Thorbecke, W. 2019.  Oil Prices and the U.S. Economy: Evidence from the Stock Market. RIETI Discussion Paper 19-E-003, available at: . forthcoming in the Journal of Macroeconomics.

This post written by Willem Thorbecke.

19 thoughts on “Guest Contribution: “Oil Prices and the U.S. Economy: Evidence from the Stock Market”

  1. Barkley Rosser

    This is an interesting post, and I think there is a lot to it. It was striking in 2017 that when oil prices rose the US economy accelerated with a major driving force being surging investment in the oil and gas sectors, between them responsible about half the increase in capital investment.

    A loose question I see coming out of this why those sectors that shifted did so. It would seem that some such as industrial machinery might be driven by rising demand coming directly the oil and gas industries themselves. Others such as food and beverages may reflect broader increases in income.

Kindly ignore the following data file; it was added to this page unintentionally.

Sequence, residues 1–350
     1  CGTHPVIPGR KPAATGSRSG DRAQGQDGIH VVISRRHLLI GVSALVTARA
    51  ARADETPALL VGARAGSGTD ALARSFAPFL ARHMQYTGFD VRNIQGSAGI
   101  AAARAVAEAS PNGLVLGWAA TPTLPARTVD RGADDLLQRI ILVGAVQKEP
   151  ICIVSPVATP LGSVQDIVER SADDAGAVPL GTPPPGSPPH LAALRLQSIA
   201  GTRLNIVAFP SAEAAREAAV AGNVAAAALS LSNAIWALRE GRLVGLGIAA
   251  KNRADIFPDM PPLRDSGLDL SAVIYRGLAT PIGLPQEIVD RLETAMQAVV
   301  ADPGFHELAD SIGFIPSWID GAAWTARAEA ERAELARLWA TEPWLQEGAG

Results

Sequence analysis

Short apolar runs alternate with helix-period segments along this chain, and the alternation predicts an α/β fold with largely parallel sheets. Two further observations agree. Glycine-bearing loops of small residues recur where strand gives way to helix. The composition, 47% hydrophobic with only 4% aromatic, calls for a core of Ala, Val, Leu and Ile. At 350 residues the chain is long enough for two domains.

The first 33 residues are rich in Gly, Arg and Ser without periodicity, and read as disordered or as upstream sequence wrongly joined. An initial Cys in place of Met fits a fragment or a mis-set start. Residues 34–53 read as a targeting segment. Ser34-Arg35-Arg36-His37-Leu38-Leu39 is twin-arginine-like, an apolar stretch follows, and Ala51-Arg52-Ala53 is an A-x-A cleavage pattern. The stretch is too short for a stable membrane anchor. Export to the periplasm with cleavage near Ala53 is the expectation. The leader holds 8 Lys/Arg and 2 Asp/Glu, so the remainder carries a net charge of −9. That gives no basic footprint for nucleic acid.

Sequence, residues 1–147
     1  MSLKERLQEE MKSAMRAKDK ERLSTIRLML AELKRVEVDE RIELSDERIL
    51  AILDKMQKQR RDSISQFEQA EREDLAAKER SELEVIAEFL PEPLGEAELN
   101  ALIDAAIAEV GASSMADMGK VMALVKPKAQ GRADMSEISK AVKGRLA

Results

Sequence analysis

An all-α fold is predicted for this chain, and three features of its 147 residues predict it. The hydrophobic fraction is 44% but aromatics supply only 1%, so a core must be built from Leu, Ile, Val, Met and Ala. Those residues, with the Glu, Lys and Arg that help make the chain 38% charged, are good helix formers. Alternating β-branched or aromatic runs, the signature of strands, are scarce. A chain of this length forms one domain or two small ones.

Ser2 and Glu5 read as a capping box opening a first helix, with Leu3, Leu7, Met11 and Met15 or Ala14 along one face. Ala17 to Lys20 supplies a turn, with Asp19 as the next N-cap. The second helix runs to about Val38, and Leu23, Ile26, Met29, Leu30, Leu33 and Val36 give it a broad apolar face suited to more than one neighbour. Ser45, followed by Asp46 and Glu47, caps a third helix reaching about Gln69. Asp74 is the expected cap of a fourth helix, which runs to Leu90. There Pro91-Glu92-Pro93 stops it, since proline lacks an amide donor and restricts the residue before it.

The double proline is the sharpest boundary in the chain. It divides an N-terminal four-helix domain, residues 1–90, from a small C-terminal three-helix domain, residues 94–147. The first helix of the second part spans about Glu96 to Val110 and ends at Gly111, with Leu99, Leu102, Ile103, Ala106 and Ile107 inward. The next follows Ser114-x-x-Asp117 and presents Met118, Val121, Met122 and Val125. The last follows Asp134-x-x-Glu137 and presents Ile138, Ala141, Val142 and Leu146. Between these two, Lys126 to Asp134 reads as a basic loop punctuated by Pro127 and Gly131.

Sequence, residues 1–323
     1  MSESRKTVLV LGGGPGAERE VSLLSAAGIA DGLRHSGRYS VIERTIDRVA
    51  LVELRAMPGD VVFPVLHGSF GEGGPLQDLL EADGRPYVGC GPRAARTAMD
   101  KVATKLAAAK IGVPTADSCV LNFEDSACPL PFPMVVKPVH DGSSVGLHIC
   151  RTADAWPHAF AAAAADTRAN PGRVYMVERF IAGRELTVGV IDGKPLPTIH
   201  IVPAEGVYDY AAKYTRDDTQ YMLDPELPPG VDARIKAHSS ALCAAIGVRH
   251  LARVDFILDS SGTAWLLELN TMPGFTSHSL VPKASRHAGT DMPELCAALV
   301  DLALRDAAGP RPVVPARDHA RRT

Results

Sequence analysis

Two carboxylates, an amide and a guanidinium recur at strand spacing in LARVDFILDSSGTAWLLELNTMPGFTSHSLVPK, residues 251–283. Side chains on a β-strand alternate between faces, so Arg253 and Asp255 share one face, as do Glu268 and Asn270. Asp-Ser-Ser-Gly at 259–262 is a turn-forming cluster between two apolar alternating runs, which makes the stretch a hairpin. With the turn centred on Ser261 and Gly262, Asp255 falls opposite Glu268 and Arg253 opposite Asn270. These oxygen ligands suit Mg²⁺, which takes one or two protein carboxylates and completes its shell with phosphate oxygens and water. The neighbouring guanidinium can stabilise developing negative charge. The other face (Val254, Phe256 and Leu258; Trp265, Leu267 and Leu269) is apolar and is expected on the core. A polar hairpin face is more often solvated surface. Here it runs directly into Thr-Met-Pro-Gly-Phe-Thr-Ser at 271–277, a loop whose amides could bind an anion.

Of course, wondering what Jim Hamilton has to say about all this, if anything.

  2. pgl

    “American shale oil output has exploded since 2010. As Figure 1 shows, this has caused total U.S. production to soar. Oil prices may affect the U.S. stock market differently after the shale revolution (SR) than they did before.”

    That higher oil prices might increase shale oil investment demand has been noted before by the likes of Krugman. This post is interesting as it puts evidence behind this new wrinkle in U.S. macroeconomic theory. It would be nice if the White House had actual economists who could explain this to the Dummy in Chief.

  3. Moses Herzog

    I don’t have much insight to add here. Other than I think low oil prices have been beneficial to donald trump’s popularity and MAGA’s popularity. I think if we are only looking at this one single factor alone —low oil prices have been good for the general economy. What “price point” (say at the pump, which is what I am thinking of here mainly, although I’m sure others will harp in this is not the best barometer) is where low oil prices become harmful to the general American economy?? Right now it is $2.57. So….. we can hypothesize. I am only guessing an average national price of say $2.10 might start to hurt.